The continued neglect of Bihar in the Union Budgets is gradually forcing the state to a situation where, if immediate corrective measures are not taken, economic disparities will only increase and boost extremism.
The odds are stacked heavily against Bihar — the poor form 41.5 per cent of its population; it has a poverty and hunger average of 2.7 per cent against a national average of 1.9 per cent; 58.4 per cent of its children under the age of three are underweight and only one-fourth of its population has access to public health and toilets.
Experts say Bihar requires 40 per cent subsidy to improve the standard of life.
But despite its limited resources — its per capita income in 2007-08 was Rs 10,570 against a per capita debt of Rs 4,100 — Bihar still has a chance to stand up as a developed state by 2015, provided the Centre helps. And things have started changing.
“The main reason for this turnaround is that quality of governance has improved due to consolidation of panchayats. Resource devolution has gone up to Rs 10,000 crore and is expected to touch Rs 16,000 this year,” said Saibal Gupta, director, Asian Development Research Institute.
He asserted that despite “leakages”, wealth is being created. “No dramatic improvement has taken place. It is just marginal. Yet, migration of labour has declined considerably. Investment has gradually started flowing into Bihar.”
The state has also witnessed activity in real estate, Gupta said. “Infrastructure development, welfare and poverty alleviation schemes are having a cumulative impact on the economy.”
The per capita debt could be further scaled down by reducing non-plan expenditures, he suggested. “For example, at present, only 40,000 traders in Bihar pay sales tax. The government can expand the tax net to generate more revenue,” Gupta said.
Ramdas Kaile, circle head of the Punjab National Bank, said: “Bihar has the lowest CD (credit-deposit) ratio. Unless people take more loans, per capita income will not increase.”
“Apart from resurgence of the farm sector and impact of welfare schemes, Bihar has seen industrial investment after years. In the last three years, entrepreneurs invested Rs 2,000 crore in Bihar,” said K.P. Jhunjhunwala, president of the Bihar Industries Association.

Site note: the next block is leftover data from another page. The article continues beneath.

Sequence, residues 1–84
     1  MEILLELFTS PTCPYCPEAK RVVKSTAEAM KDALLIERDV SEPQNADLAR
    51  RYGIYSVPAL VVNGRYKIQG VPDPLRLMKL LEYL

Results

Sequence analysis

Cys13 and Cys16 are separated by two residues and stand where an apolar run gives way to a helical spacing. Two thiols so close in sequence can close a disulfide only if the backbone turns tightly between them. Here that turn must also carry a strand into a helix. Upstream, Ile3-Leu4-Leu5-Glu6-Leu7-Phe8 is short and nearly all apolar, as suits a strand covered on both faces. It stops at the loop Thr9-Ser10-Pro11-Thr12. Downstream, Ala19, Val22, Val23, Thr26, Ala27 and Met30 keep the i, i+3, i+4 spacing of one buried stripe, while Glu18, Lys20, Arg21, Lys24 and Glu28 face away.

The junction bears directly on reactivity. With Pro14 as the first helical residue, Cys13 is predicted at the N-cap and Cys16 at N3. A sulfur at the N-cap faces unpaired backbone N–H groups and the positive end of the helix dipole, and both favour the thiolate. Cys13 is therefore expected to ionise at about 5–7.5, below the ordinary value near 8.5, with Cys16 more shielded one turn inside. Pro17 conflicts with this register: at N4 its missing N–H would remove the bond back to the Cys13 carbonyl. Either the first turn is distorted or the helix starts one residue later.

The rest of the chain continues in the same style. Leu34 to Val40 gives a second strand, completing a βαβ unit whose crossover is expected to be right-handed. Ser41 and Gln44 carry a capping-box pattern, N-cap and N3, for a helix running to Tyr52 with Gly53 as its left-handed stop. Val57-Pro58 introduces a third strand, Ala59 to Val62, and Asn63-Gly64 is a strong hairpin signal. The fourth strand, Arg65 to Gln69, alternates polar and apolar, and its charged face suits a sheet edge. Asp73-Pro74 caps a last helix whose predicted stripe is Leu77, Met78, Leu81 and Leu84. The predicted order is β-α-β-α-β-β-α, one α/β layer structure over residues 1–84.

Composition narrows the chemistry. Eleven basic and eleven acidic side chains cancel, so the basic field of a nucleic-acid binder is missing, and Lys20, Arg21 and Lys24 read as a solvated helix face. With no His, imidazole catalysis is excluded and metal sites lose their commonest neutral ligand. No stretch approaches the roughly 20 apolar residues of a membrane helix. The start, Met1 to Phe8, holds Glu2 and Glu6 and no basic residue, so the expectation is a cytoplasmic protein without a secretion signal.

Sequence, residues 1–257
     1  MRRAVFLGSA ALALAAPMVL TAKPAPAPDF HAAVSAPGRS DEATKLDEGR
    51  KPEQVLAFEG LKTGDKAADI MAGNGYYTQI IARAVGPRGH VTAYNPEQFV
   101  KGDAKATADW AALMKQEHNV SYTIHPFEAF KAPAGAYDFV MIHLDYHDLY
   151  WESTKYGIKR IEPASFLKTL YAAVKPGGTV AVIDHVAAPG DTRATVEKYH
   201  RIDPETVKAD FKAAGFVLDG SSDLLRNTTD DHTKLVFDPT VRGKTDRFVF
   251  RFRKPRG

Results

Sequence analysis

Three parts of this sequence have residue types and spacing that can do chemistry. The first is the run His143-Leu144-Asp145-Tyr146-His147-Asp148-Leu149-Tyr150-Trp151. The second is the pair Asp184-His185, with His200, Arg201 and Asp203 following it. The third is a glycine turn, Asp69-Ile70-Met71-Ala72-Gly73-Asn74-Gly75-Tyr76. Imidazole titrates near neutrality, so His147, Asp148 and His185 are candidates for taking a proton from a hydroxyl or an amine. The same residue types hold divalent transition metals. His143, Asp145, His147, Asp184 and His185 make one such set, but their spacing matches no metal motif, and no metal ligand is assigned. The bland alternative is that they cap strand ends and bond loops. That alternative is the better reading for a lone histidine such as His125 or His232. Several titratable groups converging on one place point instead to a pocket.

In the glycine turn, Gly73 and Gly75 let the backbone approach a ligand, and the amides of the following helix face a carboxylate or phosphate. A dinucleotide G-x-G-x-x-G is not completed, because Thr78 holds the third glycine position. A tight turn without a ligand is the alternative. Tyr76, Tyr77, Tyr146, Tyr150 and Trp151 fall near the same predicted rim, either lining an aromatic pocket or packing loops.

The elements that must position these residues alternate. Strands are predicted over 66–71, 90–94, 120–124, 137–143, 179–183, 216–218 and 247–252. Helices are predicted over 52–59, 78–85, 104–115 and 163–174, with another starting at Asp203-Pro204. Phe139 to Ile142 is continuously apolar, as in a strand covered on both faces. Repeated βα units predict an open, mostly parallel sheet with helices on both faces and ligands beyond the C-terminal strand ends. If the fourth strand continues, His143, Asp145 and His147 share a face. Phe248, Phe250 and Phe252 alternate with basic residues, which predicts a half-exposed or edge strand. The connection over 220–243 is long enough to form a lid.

He urged the Centre to concede to the state's plea for increasing the number of BPL (below the poverty line) families.
Dr Gorelal Yadav, an economist, seconded this. “Bihar has 1.25 crore BPL families out of an estimated population of 10 crore, but the Centre simply refuses to hear the pleas of the state.”
Nitish to give surplus land to poor women
In a pathbreaking and electorally promising move, the Nitish Kumar government is all set to provide 50 per cent reservation to women in the settlement of all land that is above the ceiling laid down by law in the state.
This surplus land will be acquired by the state government and distributed to Mahadalits, who comprise 21 of the weakest classes in Bihar and to other weaker sections of society.
“A new Bill to facilitate this provision will be brought during the ongoing budget session of the state legislature,” Revenue and Land Reforms Minister Narendra Narayan Yadav said on Thursday. Yadav said the proposed law would be a path-breaking legislation to empower women.
The law will in particular benefit women belonging to the Mahadalit communities, who number 48 lakh according to K.P. Ramaiah, secretary of the Mahadalit Commission. They, thus, form less than 6 per cent of the state’s population of 8.3 crore.
Mahadalits constitute a special welfare thrust category created by the Nitish Kumar regime. They are among the weakest communities figuring on the list of the Scheduled Castes.
The government has set up a separate commission to oversee the cause of Mahadalits and earmarked separate funds for their welfare. It apparently also expects to draw electoral profit from its initiatives.
“The issuance of land ownership papers in the names of women will, among other things, strengthen their position in their families. This way, the move will lend greater stability to the social structure,” the minister said.
He said the proposed Bill seeks to amend the existing Bihar Land Reforms (Fixation of Ceiling Area and Acquisition of Surplus Land) Act.
“We are making a provision for settling in the names of women belonging to the eligible Mahadalit and other weaker sections 50 per cent of all ceiling surplus land acquired under Section 27 of the Act,” Yadav said.
The latest Land Reforms Department figures show 2,127.36 acres of ceiling surplus land was settled in favour of the weaker sections during the period from 2005-09. This figure is now expected to expand.
The new law will provide strength and dignity to the much-abused and disadvantaged women in the male-dominated Bihari society. “It will serve as a great disincentive for men to abandon their wives, which happens very often at present,” the minister said.